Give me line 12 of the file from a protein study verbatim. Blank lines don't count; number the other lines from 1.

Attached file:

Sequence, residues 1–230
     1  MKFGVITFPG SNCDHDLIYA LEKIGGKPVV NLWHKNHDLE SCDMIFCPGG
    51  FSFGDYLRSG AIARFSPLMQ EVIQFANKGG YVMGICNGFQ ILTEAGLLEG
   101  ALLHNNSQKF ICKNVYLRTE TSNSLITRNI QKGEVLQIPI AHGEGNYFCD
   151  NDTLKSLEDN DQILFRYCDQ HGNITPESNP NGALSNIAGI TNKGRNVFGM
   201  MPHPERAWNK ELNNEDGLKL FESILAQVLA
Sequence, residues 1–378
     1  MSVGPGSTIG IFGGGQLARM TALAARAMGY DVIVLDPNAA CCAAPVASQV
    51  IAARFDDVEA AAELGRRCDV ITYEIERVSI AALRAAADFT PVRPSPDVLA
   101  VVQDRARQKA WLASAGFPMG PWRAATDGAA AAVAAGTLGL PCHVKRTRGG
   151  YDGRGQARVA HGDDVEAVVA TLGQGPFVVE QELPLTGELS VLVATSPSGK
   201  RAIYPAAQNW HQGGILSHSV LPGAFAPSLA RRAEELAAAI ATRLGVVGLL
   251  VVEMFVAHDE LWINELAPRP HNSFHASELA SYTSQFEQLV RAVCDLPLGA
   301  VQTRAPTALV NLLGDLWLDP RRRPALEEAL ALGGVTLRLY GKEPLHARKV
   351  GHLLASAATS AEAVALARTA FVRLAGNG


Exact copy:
   201  RAIYPAAQNW HQGGILSHSV LPGAFAPSLA RRAEELAAAI ATRLGVVGLL